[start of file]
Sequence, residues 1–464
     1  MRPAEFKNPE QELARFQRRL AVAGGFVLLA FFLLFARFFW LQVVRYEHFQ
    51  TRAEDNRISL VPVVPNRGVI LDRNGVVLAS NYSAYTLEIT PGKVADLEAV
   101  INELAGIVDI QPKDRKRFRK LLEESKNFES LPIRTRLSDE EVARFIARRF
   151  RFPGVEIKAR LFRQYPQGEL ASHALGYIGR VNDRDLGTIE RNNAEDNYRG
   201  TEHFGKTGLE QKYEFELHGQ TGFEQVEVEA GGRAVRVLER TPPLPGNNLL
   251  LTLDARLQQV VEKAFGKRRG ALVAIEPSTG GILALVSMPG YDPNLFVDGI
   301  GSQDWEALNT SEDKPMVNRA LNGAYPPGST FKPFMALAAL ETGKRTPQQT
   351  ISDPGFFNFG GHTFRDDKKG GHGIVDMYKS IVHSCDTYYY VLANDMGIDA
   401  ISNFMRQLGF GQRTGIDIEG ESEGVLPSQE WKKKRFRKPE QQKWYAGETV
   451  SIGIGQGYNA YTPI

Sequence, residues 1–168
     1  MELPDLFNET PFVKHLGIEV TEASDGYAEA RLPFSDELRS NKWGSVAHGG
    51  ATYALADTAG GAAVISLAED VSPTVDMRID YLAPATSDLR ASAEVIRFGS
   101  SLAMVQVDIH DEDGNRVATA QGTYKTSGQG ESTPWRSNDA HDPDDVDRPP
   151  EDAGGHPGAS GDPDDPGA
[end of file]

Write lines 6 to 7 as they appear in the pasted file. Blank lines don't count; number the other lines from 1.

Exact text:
   201  TEHFGKTGLE QKYEFELHGQ TGFEQVEVEA GGRAVRVLER TPPLPGNNLL
   251  LTLDARLQQV VEKAFGKRRG ALVAIEPSTG GILALVSMPG YDPNLFVDGI